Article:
|This section does not cite any references or sources. (October 2011)|
Green cardamom is broadly used in South Asia to treat infections in teeth and gums, to prevent and treat throat troubles, congestion of the lungs and pulmonary tuberculosis, inflammation of eyelids, and digestive disorders. It also is used to break up kidney and gall stones, and was reportedly used as an antidote for both snake and scorpion venoms. Amomum is used as a spice and as an ingredient in traditional medicine in systems of the traditional Chinese medicine in China, in Ayurveda in India, Pakistan, Japan, Korea, Nepal, and Vietnam. Among other species, varieties, and cultivars, Amomum villosum cultivated in China, Laos, and Vietnam is used in traditional Chinese medicine to treat stomach problems, constipation, dysentery, and other digestion problems. Tsaoko cardamom, Amomum tsao-ko, is cultivated in Yunnan and northwest Vietnam, both for medicinal purposes and as a spice.
The content of essential oil in the seeds is strongly dependent on storage conditions, but may be as high as 8%. In the oil were found α-terpineol 45%, myrcene 27%, limonene 8%, menthone 6%, β-phellandrene 3%, 1,8-cineol 2%, sabinene 2% and heptane 2%. Other sources report 1,8-cineol (20 to 50%), α-terpenylacetate (30%), sabinene, limonene (2 to 14%), and borneol.
In the seeds of round cardamom from Jawa (A. kepulaga), the content of essential oil is lower (2 to 4%), and the oil contains mainly 1,8 cineol (up to 70%) plus β-pinene (16%); furthermore, α-pinene, α-terpineol and humulene were found.
Guatemala is the largest producer of cardamom in the world, with an average annual yield between 25,000 and 29,000 metric tons. India is the second producer worldwide (formerly the largest), generating around 15,000 mt annually. Cardamom was first introduced to Guatemala in 1914.
Increased demand since the 1980s, principally from China, for both A. villosum and A. tsao-ko, has provided a key source of income for poor farmers living at higher altitudes in localized areas of China, Laos, and Vietnam, people typically isolated from many other markets. Nepal was previously the world's largest producer of large cardamom.
According to estimates of the Asociación de Cardamomeros de Guatemala (Cardegua), the harvest of 2012 will reach to about 29,000 mt, 12% more than in 2011, when it was 26,000 mt.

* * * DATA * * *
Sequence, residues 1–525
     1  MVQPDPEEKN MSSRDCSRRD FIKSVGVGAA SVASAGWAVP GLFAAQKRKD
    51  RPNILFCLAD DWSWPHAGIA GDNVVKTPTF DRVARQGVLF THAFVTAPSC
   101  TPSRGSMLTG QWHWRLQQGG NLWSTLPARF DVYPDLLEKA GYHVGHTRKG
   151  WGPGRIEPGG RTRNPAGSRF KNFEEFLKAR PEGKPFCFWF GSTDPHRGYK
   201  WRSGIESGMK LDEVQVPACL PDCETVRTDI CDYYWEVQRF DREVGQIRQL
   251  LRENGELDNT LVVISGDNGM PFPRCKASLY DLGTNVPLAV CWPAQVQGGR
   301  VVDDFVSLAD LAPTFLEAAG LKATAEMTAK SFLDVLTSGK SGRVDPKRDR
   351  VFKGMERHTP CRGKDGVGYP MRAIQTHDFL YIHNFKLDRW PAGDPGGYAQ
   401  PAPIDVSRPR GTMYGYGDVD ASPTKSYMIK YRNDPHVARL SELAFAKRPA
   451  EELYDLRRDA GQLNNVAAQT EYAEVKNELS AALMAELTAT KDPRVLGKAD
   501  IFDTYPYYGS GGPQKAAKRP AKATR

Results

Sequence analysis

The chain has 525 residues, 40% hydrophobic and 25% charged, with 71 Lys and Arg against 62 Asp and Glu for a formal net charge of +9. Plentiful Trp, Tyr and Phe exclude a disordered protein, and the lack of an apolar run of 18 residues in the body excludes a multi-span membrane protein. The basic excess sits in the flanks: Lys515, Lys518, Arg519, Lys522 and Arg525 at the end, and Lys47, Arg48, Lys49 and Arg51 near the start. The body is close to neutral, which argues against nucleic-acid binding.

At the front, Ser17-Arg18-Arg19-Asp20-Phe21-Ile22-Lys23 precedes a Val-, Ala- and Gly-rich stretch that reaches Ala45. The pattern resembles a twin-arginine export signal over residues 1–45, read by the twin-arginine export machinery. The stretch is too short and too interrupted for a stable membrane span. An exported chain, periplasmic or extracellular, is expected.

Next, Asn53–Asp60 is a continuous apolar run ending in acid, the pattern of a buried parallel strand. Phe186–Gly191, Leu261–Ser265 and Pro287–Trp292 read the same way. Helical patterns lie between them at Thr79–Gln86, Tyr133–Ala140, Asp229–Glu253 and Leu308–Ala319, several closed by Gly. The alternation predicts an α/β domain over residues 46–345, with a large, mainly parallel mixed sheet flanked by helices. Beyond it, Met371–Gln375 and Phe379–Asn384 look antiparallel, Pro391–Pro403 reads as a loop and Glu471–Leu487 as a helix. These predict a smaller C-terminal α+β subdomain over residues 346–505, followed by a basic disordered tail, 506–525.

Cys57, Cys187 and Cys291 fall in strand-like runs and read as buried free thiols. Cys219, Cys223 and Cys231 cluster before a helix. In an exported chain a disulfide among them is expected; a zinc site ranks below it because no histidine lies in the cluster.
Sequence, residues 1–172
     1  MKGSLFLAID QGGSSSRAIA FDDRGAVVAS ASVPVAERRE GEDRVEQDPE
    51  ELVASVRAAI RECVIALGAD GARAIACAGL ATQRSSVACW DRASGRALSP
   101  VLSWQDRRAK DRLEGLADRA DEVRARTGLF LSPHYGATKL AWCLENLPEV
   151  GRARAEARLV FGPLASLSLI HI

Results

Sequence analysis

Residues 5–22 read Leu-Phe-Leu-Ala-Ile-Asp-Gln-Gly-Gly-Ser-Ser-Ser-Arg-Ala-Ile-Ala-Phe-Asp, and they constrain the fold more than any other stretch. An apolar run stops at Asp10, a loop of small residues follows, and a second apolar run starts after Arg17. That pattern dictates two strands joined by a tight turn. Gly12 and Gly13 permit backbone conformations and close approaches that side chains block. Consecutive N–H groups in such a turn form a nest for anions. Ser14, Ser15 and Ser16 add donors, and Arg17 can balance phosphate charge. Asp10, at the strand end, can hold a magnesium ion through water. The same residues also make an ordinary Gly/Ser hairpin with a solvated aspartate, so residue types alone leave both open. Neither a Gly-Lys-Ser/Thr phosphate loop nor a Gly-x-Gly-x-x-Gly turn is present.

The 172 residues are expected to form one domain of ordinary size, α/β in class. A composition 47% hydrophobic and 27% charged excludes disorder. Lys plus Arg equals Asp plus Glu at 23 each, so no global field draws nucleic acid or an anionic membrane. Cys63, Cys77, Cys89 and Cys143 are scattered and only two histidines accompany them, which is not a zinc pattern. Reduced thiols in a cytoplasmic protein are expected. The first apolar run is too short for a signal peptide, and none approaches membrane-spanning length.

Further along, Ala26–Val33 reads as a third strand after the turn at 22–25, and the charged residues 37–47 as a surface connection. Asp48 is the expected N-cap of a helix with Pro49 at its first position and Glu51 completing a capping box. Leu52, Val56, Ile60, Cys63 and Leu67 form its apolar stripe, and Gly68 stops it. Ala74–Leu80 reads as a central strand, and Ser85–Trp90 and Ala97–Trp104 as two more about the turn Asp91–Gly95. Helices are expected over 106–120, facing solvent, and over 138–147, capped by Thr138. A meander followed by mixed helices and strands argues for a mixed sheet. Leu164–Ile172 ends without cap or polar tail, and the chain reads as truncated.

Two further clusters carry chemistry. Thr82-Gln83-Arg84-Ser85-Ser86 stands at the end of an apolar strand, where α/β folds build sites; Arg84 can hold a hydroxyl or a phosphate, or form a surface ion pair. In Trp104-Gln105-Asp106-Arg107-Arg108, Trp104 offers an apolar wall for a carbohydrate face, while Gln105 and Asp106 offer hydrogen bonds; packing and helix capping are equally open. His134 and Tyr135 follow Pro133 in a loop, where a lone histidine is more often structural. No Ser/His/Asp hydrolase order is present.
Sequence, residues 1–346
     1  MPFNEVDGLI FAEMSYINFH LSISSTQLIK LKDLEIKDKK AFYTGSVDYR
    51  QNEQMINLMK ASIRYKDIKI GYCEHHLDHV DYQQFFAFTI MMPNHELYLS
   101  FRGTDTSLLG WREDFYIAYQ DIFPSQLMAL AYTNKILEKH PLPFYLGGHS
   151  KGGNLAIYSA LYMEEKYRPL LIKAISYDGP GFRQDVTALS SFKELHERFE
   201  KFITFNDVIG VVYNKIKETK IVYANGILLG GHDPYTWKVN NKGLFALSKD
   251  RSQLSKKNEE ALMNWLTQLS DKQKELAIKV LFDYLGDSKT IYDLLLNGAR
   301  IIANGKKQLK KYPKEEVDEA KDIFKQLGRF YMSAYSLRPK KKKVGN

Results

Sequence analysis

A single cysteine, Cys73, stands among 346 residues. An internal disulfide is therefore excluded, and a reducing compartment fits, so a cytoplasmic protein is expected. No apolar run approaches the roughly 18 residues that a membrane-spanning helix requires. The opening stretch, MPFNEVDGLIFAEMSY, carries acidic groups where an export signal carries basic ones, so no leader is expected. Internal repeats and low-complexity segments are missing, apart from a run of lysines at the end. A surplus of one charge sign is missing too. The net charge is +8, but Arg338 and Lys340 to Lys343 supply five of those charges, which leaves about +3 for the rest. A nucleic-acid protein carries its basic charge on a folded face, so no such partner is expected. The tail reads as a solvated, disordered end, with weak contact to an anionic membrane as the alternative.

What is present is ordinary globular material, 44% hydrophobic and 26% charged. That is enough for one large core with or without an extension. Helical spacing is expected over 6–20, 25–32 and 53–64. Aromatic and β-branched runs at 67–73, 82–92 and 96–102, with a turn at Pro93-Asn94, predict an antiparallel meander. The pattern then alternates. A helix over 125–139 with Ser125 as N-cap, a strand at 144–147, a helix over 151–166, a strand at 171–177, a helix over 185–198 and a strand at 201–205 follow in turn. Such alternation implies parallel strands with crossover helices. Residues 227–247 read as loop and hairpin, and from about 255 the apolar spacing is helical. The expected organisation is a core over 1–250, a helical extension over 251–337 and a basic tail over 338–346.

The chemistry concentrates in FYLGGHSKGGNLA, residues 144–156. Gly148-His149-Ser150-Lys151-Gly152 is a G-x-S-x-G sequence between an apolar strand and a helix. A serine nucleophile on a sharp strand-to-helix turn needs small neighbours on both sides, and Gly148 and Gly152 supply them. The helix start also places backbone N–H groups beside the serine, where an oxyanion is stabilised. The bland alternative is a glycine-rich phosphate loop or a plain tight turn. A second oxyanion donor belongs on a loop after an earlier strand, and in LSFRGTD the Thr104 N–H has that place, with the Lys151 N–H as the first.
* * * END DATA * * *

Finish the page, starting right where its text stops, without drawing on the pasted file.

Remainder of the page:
- Aframomum corrorima, known as Ethiopian cardamom
|Wikimedia Commons has media related to Cardamom.|
- "Kerala cardamom trying to fight off its Guatemalan cousin", The Times of India, 21 April 2014; accessed 25 July 23014.
- Lewis, Charlton T.; Short, Charles, "cardamomum", A Latin Dictionary (Perseus Digital Library at Tufts University)
- Liddell, Henry George; Scott, Robert, καρδάμωμον, A Greek-English Lexicon (in Ancient Greek) (Perseus Digital Library at Tufts University)
- Liddell, Henry George; Scott, Robert, "κάρδαμον", A Greek-English Lexicon (Perseus Digital Library at Tufts University)
- Liddell, Henry George; Scott, Robert, "ἄμωμον", A Greek-English Lexicon (in Ancient Greek) (Perseus Digital Library at Tufts University)
- "ka-da-mi-ja" at Palaeolexicon
- Chadwick, John, ed. (1963), "The Mycenae Tablets, 3", Transactions of the American Philosophical Society (New Series ed.) 52 (7)
- Burrow, Thomas; Emeneau, M. B.. A Dravidian Etymological Dictionary. Retrieved 2014-08-02.
- Bhide, Monica. "Queen of Spices", Saveur, 8 March 2010. Retrieved on 4 December 2014.
- Theophrastus IX.vii.2
- (Phytochemistry, 26, 207, 1987)
- Álvarez, Lorena; Gudiel, Vernick (14 February 2008). "Cardamom prices leads to a re-emergence of the green gold". El Periodico (in Spanish).
- Batres, Alexis (6 August 2012). "Looking for new markets". El Periodico (in Spanish) (Guatemala).
||This article includes a list of references, but its sources remain unclear because it has insufficient inline citations. (November 2012)|
- CardamomHQ: In-depth information on Cardamom
- Mabberley, D.J. The Plant-book: A Portable Dictionary of the Higher Plants. Cambridge University Press, 1996, ISBN 0-521-34060-8
- Gernot Katzer's Spice Pages: Cardamom
- Plant Cultures: botany and history of Cardamom
- Pham Hoang Ho 1993, Cay Co Vietnam [Plants of Vietnam: in Vietnamese], vols. I, II & III, Montreal.
- Buckingham, J.S. & Petheram, R.J. 2004, Cardamom cultivation and forest biodiversity in northwest Vietnam, Agricultural Research and Extension Network, Overseas Development Institute, London UK.
- Aubertine, C. 2004, Cardamom (Amomum spp.) in Lao PDR: the hazardous future of an agroforest system product, in 'Forest products, livelihoods and conservation: case studies of non-timber forest products systems vol. 1-Asia, Center for International Forestry Research. Bogor, Indonesia.